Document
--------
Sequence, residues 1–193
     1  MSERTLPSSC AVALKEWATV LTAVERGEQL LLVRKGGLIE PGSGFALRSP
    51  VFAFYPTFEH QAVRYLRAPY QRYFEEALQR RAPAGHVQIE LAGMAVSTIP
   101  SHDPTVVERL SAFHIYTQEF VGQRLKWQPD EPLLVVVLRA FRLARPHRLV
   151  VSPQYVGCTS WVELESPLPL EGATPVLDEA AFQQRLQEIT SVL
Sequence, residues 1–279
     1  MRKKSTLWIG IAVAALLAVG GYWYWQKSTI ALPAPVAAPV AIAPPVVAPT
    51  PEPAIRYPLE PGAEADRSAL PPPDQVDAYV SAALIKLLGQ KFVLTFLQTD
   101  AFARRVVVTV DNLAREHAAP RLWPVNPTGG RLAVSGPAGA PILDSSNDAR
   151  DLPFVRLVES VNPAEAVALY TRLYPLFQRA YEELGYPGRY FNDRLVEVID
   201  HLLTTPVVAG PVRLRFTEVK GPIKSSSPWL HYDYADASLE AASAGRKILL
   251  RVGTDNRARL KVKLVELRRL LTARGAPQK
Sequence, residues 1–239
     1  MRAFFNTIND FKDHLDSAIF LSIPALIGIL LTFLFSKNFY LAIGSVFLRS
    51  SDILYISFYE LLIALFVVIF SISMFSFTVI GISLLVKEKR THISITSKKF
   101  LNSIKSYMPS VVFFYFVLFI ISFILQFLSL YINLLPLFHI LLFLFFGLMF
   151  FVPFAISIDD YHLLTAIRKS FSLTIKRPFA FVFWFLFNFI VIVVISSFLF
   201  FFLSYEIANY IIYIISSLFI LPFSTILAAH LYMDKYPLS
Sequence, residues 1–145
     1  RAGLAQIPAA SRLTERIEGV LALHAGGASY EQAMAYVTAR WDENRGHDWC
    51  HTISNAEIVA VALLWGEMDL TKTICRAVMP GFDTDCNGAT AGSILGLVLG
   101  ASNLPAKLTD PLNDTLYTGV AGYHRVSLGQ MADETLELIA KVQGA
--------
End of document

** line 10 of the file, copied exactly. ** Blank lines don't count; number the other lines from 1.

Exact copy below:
   151  DLPFVRLVES VNPAEAVALY TRLYPLFQRA YEELGYPGRY FNDRLVEVID